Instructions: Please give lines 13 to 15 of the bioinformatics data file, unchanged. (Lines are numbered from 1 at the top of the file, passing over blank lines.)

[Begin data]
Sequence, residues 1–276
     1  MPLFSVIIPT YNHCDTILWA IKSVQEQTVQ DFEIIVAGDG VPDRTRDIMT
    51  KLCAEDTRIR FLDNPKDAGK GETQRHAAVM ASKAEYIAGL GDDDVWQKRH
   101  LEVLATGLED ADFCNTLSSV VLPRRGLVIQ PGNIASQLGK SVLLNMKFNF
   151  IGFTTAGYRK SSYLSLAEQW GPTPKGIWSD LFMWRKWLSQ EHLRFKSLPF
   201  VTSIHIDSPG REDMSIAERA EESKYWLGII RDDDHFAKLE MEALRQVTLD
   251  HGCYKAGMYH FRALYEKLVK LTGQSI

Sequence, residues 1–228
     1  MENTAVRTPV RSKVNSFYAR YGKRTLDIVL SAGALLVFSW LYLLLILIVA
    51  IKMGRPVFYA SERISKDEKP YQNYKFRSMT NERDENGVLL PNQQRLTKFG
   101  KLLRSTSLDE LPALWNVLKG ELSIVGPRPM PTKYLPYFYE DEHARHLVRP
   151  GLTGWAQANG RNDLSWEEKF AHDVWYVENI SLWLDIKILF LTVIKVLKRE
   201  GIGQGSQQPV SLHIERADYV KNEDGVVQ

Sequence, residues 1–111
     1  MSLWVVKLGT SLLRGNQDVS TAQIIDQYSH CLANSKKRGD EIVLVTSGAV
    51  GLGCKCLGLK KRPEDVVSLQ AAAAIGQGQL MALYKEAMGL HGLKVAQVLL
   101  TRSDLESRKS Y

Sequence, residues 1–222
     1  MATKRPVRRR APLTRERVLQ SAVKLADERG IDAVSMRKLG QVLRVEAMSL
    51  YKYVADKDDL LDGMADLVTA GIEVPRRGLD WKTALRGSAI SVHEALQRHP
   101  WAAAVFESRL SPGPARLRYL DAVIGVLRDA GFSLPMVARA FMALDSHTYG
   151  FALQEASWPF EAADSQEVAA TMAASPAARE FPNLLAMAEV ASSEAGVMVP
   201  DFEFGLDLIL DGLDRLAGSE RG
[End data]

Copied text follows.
   201  GIGQGSQQPV SLHIERADYV KNEDGVVQ

Sequence, residues 1–111
     1  MSLWVVKLGT SLLRGNQDVS TAQIIDQYSH CLANSKKRGD EIVLVTSGAV